Robert Welch was born in Strabane on 22 July 1859 and lived for a time in Enniskillen. He developed an early interest in photography from his father who operated as a professional photographer from 1862 until his untimely death in 1875. In that year Robert went to Belfast to train as a professional photographer under E. T. Church. He established his own business in 1883 in Lonsdale Street. Much of his time was spent taking pictures that reflected the life of the people and the contemporary landscape. The Ulster Museum, Belfast, houses the majority of these. Many of his “Irish views” were used in railway carriages, hotels, transatlantic liners, and as illustrations in tourist guides and travel books. Over the period from the 1880’s to the 1930’s Welch built up a fine collection of negatives of Belfast street scenes, which today provides a valuable record of the changes over the period of 50 years.
In 1900, he was awarded a Royal warrant for his work from Queen Victoria, one of only 10 photographers to receive this honour. He was commissioned by the Royal Commission of Enquiry in 1886 to record the damage caused in Belfast after the anti-Home Rule riots of that year. He was appointed official photographer to the firm of Harland & Wolff, and the Belfast Ropeworks Co. He lectured and contributed many papers and illustrations to a variety of natural history publications throughout his life. He was a member of the Royal Irish Academy, President of the Belfast Naturalists’ Field Club, and President of the Conchological Society of Great Britain and Ireland. In 1923 he had an honorary doctorate conferred upon him by Queen’s University, Belfast. In 1927 the Northern Ireland Parliament granted him a civil pension of £100 a year. He died on 28 September 1936.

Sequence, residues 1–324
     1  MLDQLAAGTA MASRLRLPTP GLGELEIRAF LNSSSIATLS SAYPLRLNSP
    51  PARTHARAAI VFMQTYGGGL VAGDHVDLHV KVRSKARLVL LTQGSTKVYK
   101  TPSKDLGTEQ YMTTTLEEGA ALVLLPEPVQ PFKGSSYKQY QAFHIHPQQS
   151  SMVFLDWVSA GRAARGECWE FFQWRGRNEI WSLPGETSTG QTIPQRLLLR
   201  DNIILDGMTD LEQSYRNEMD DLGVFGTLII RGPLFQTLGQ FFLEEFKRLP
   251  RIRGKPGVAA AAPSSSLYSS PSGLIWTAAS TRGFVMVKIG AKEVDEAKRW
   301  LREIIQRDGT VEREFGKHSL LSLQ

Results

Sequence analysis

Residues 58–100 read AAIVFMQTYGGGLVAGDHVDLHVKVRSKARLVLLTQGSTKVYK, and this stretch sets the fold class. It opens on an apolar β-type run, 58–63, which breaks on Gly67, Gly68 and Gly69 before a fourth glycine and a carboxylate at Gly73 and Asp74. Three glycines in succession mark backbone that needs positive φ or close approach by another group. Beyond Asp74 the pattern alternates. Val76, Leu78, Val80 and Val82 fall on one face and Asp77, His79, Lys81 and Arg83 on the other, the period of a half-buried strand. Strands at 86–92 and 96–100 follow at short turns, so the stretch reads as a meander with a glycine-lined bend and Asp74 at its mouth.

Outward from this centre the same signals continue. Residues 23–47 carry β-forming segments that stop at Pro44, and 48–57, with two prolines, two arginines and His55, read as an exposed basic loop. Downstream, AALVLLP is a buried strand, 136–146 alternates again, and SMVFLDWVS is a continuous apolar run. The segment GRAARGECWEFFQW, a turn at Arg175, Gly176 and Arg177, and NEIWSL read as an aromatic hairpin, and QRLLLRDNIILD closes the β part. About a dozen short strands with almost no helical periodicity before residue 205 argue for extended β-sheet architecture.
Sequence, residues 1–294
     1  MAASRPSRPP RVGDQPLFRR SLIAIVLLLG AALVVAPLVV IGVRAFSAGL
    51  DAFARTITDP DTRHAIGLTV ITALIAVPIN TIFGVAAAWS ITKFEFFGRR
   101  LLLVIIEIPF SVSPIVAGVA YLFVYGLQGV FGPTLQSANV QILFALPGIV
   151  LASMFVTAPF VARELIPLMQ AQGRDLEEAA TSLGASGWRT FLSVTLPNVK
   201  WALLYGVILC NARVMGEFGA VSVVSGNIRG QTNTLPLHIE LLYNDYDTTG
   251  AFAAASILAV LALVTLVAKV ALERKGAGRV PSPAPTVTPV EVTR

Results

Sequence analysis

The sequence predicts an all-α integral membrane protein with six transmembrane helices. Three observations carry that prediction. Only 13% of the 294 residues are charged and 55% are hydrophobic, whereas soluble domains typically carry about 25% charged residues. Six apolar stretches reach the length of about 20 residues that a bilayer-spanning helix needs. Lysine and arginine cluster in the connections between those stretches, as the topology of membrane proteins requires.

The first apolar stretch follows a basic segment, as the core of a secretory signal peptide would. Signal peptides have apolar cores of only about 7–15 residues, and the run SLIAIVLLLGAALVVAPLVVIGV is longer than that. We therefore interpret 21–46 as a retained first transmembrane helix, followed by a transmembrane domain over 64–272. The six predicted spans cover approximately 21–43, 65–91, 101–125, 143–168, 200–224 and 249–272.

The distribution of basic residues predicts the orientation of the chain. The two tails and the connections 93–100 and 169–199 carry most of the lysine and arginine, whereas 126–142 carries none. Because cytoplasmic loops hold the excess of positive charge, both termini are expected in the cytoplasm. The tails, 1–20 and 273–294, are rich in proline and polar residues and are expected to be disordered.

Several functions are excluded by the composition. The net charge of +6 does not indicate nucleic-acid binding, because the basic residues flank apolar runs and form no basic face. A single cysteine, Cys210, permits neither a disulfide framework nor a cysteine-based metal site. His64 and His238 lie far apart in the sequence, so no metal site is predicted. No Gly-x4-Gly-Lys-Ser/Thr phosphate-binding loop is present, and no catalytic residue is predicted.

Location of plaque: 19-21 Main Street, Strabane
Date of unveiling: 26 March 2010